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Robert Mads Anderson, the only man to climb solo the highest mountain on each of the seven continents successfully, tells here the story of a lifetime, accompanied by his own stunning photographs. He vividly conveys an astonishing odyssey through some of the world's most rugged and beautiful terrain, and describes the people who live in the shadows of these monuments to the power and grandeur of nature. 140 4-color photographs.
"synopsis" may belong to another edition of this title.
Anderson is the Author of Seven Summits Solo, To Everest via Antarctica and Antonovs over the Arctic: Flying to the North Pole in a Russian biplane.
He led the ascent of a new route on the Kangshung Face, Everest, climbing with a 4 man team including Paul Teare, Ed Webster and Stephen Venables, climbing without Sherpas or oxygen, before going on to ascend the remaining of the 7 summits solo.
More recently, in the Himalaya, he has guided ascents of Everest (twice), Shishipangma, Cho Oyu, and Makalu.
Seven Summits Solo covers his solo ascents of all the seven summits, in a large format coffee table book, also released in a private edition for Rolex. To Everest via Antarctica was published widely, including pirated into a Romanian edition with someone else on the cover - but the story is his.
Anderson has gone on to complete a number of new routes on Mt Vinson in Antarctica, spending the 2016/17 season guiding on both the rarely visited East and the traditional West sides of the peak.
Anderson is a frequent lecturer for multi-national corporations, with talks and training seminars on leadership, team-building, motivation and achieving larger than life goals with smaller than expected teams. He lives in Singapore and works throughout the Asia-Pacific region.
7 Summits Solo, (Summit, USA) by Robert Mads Anderson To Everest via Antarctica, Robert Mads Anderson Reviewed by Neil Nelson, The Evening Standard, Wellington, New Zealand Saturday, February 24, 1996
Having spent the past 20 years scaling some of the world's most difficult peaks, American-born Aucklander Robert Anderson set himself a new challenge: to climb the highest peak on each of the world's seven continents.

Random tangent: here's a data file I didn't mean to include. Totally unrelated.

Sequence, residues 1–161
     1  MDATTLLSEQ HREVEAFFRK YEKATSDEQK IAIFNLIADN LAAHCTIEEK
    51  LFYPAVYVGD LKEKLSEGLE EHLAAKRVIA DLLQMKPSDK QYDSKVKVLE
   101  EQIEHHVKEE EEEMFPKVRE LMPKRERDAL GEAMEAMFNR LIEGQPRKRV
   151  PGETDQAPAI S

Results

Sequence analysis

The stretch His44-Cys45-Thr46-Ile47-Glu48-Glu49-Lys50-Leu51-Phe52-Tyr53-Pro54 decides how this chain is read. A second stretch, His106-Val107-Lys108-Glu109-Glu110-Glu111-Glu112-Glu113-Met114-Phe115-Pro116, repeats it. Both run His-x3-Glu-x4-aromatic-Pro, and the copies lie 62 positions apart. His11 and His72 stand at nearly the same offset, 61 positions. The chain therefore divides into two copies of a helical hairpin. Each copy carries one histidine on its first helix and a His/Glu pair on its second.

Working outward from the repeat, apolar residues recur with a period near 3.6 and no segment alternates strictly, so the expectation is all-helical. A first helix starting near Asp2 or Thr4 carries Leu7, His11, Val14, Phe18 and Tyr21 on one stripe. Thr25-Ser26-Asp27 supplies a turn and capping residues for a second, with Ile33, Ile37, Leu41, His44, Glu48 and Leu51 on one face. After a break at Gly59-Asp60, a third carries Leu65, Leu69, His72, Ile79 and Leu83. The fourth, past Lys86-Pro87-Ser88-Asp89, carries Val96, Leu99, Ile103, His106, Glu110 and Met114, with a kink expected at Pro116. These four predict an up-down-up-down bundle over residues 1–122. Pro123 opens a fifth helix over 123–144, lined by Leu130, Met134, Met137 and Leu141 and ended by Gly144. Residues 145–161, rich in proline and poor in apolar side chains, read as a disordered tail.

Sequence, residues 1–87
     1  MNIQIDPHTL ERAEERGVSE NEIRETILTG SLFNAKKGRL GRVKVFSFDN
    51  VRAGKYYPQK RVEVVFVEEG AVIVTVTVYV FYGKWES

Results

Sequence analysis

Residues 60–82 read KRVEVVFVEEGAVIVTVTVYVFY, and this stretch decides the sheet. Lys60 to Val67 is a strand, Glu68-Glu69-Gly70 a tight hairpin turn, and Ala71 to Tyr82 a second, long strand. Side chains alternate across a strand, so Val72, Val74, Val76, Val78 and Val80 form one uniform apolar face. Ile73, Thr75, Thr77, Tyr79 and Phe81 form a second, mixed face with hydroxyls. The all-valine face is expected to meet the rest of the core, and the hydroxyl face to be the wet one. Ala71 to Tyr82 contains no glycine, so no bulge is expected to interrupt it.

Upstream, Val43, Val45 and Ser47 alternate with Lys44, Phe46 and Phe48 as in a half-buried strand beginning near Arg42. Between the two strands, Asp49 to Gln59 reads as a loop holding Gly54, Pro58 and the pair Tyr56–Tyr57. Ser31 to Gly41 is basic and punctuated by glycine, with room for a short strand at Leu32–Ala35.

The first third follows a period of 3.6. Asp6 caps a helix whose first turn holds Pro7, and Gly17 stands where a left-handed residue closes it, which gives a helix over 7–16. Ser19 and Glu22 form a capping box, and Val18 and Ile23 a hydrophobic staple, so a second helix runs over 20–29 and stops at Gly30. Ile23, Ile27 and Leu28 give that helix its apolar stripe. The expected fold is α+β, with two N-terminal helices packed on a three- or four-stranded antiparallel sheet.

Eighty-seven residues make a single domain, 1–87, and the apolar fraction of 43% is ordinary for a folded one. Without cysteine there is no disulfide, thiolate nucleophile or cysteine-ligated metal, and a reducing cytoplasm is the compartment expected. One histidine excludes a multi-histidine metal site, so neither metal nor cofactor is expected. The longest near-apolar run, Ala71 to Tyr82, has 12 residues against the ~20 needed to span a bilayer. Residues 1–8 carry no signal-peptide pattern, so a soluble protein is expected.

As an added challenge, he elected to climb them solo.
Ultimately, he failed in his bid, with Everest getting the better of him on two separate occasions. But failure to stand on the top of the world's highest peak doesn't diminish Anderson's achievement or the highly readable accounts he has written of his adventures.
As the price tags would suggest, the two books which have resulted from his seven summits project are totally different.
7 Summits Solo is a large-format, lavishly produced, 160-page volume which includes dozens of superb colour photographs taken by Joe Blackburn during the expedition (Note, nearly all photos in the book are Anderson's).
Anderson's account of the expedition is essentially a précis of the story he tells in To Everest via Antarctica. The 220 page Penguin book (Stackpole Books, USA) contains just a handful of photographs, but includes a far more detailed account of Anderson's adventures.
During the past decade or so, I've read numerous accounts of climbing expeditions: this one rates as one of the best.
Unlike some mountaineers, who feel compelled to describe in minute detail everything they did during the expedition, Anderson concentrates more on the adventures he had actually getting to the mountain.
He admits it is more of a travel book than a book about climbing and that he wrote it for a broader market.
Some chapters have little to do with climbing at all. Nowhere is this better illustrated than in Anderson's descriptions of his travels in Russia, late in 1992, after conquering Mt Elbrus, Europe's highest peak. With Elbrus out of the way, and three weeks left on his Russian visa, Anderson decided the opportunity to see some of Russia was too good an opportunity to miss.
With the Russia of old rapidly being split into a series of new countries, and new border crossings appearing at random, it was decided a large bus would be the easiest way of moving around. One was soon found and with several companions Anderson set off for a fascinating tour of parts of Russia which had seldom seen Western tourists. The tales he relates of his journey make for absorbing and humorous reading.
With a degree in writing and a career spent mainly in the advertising industry - the business he set up in New Zealand and subsequently sold helped fund his seven summits project - Anderson wastes few words. He has an economical, easy-to-read style and knows how to tell a good story.
While the price of 7 Summits Solo means it's unlikely to appear on best-seller lists, To Everest via Antarctica deserves to be. One of the most enjoyable books I read in 1995, I look forward to reading of Anderson's further adventures.
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Book Description Clarkson Potter, 1995. Hardcover. Condition: New. Never used!. Seller Inventory # P110517702002
Book Description Clarkson Potter, 1995. Hardcover. Condition: New. Seller Inventory # DADAX0517702002